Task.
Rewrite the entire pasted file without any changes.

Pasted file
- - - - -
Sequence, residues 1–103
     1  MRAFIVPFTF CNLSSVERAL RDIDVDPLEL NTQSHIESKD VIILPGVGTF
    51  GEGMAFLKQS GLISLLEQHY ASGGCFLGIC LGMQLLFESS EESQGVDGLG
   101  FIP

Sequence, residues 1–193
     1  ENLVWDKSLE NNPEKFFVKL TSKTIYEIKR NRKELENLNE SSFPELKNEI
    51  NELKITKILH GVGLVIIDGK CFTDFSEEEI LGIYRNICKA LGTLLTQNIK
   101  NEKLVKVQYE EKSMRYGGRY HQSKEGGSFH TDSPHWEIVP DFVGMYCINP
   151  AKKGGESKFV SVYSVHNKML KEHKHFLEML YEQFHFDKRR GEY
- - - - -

Sequence, residues 1–103
     1  MRAFIVPFTF CNLSSVERAL RDIDVDPLEL NTQSHIESKD VIILPGVGTF
    51  GEGMAFLKQS GLISLLEQHY ASGGCFLGIC LGMQLLFESS EESQGVDGLG
   101  FIP

Sequence, residues 1–193
     1  ENLVWDKSLE NNPEKFFVKL TSKTIYEIKR NRKELENLNE SSFPELKNEI
    51  NELKITKILH GVGLVIIDGK CFTDFSEEEI LGIYRNICKA LGTLLTQNIK
   101  NEKLVKVQYE EKSMRYGGRY HQSKEGGSFH TDSPHWEIVP DFVGMYCINP
   151  AKKGGESKFV SVYSVHNKML KEHKHFLEML YEQFHFDKRR GEY